Did you know May is Stroke Awareness & Prevention Month? Approximately 6.8 million Americans over the age of 20 have had a stroke, so it’s critical to understand what strokes are and what you can do to prevent them.
The National Stroke Association describes a stroke as the occurrence of an artery in the brain either bursting or being blocked. The part of the brain that has its blood supply cut off starts to die. Strokes often cause damage to the brain, causing individuals to have lasting problems with walking, speaking, seeing, or feeling, depending on the part of the brain that’s been affected.
There’s also the scary relative of a stroke, a transit ischemic attach (TIA), which causes the temporary onset of stroke-like symptoms when blood flow into the brain is blocked for a short time. TIA’s are an early indicator of a true stroke and if you suspect you’ve experienced one, seek medical attention immediately.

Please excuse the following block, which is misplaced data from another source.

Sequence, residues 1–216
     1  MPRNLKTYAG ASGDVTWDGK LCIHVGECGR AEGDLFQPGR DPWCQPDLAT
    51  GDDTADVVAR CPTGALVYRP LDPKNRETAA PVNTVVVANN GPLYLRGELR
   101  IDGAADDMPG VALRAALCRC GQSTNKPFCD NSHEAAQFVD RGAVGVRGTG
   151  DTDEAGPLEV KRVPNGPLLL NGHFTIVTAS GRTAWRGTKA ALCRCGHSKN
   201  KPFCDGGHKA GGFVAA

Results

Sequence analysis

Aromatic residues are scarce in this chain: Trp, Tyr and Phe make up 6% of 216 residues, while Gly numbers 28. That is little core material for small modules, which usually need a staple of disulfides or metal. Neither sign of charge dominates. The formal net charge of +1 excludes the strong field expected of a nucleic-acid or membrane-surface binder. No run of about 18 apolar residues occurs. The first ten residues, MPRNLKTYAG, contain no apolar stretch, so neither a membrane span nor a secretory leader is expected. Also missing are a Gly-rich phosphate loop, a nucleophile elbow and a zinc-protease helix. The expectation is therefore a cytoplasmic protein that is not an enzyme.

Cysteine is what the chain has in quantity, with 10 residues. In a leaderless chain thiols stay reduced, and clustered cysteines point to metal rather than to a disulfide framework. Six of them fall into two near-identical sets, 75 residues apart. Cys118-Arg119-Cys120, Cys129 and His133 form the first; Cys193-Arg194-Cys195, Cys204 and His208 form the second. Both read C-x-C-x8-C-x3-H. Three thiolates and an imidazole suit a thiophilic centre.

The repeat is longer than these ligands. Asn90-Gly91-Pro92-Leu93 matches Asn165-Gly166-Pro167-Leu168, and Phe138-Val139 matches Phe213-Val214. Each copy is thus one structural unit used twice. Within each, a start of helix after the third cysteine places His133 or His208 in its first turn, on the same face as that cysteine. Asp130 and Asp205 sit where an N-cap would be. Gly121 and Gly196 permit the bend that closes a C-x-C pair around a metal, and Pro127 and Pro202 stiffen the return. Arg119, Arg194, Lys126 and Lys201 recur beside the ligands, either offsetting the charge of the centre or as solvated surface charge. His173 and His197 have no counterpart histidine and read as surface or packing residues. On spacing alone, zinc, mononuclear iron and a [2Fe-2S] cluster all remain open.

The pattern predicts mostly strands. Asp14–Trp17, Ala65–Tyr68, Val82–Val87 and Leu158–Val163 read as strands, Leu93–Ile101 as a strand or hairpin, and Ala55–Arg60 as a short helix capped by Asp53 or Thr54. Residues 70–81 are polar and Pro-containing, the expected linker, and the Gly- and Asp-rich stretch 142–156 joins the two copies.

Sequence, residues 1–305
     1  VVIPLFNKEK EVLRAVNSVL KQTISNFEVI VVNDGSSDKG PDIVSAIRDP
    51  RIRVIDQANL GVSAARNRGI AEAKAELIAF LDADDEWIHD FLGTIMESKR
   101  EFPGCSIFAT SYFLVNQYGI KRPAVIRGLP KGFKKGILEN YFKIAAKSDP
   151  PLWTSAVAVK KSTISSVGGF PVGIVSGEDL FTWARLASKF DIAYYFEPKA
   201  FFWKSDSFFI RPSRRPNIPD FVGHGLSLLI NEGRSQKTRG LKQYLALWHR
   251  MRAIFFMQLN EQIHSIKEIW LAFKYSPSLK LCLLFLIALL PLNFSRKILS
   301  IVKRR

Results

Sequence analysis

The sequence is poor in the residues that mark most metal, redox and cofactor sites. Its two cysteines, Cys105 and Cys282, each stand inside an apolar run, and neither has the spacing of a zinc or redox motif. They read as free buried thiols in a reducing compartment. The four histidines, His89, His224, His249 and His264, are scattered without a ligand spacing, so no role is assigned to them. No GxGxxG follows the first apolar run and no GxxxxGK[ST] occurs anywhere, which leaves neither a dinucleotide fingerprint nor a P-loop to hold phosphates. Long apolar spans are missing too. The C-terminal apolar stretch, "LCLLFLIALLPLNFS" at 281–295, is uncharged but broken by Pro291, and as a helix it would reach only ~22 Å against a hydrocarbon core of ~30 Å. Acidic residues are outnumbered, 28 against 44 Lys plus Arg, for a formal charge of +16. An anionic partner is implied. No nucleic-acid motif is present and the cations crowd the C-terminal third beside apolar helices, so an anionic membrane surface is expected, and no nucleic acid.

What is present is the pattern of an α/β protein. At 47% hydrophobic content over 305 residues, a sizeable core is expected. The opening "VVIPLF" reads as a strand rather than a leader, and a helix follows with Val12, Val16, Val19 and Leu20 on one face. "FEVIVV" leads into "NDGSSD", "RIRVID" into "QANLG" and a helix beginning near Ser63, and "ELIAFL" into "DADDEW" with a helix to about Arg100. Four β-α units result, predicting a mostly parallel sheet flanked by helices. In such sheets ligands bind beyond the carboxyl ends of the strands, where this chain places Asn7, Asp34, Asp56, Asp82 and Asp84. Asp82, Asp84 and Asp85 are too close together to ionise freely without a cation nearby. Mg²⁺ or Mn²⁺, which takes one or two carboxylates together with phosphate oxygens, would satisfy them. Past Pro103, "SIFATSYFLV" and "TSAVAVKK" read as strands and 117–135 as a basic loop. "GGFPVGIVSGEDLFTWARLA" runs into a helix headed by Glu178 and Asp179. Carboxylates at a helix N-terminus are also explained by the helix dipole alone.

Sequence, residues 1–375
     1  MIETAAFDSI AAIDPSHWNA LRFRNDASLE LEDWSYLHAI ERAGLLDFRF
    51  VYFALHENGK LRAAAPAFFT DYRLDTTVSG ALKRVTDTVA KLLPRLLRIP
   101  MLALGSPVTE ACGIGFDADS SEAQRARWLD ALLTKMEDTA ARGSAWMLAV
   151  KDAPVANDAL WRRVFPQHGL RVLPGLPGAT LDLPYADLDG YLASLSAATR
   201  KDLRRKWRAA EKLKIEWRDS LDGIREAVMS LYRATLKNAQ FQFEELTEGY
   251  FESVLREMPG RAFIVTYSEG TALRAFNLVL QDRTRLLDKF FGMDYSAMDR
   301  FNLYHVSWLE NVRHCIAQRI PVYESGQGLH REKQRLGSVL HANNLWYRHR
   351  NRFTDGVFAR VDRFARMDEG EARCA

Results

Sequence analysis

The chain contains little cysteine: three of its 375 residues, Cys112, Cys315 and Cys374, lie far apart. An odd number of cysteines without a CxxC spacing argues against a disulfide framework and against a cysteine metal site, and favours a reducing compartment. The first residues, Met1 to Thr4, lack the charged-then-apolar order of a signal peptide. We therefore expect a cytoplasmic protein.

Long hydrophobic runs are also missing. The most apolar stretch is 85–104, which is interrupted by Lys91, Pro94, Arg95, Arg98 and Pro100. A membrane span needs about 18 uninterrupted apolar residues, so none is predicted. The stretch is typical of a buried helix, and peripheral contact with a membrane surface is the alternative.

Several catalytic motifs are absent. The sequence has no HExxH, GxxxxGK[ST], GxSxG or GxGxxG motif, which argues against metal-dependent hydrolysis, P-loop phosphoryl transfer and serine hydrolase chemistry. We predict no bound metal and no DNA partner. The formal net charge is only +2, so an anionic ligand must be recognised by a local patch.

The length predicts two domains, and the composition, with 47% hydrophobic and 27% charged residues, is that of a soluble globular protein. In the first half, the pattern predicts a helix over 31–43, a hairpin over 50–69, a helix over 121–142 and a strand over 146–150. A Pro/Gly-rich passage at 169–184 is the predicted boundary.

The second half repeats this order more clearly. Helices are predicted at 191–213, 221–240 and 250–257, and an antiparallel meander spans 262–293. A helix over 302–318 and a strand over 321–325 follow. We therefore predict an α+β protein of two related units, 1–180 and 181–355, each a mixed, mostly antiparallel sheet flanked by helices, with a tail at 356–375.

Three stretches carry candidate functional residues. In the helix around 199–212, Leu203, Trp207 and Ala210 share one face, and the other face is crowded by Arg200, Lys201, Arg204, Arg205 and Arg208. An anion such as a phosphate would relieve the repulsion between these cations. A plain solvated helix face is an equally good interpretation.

If you suspect someone you are with is experiencing a stroke, act FAST.
- Face: Ask the person to speak or smile. If one side of the face droops, they may be experiencing a stroke
- Arms: Ask the person to raise their arms. If one arm drifts down, they may be experiencing a stroke.
- Speech: Ask the person to repeat a routine phrase. If their speech is slurred or unusual, they may be experiencing a stroke.
- Time: Call 911 immediately.
Luckily, there are proactive measures you can take ahead of time to prevent strokes from occurring. Did you know that up to 80% of strokes can be prevented by monitoring and adjusting certain risk factors?
Medical risk factors like those mentioned below can be managed. Talk with your doctor about what is realistic for you.
- Previous stroke
- Previous episode of TIA
- High cholesterol
- High blood pressure
- Heart disease
- Atrial fibrillation (AF) and carotid artery disease
Lifestyle stroke risk factors like those below can be controlled, and it’s important that you do all that is in your power to keep them at bay or eliminate them entirely.
- Being overweight
- Lack of exercise
- Regular overconsumption of alcohol
You can also complete the American Heart Association’s Personal Risk Assessment Form and bring it to your next doctor appointment to discuss your situation with your physician.
As the temperatures begin to climb, we hope you’ll keep these tips in mind and remember to act FAST if you think someone you are with may be experiencing a stroke.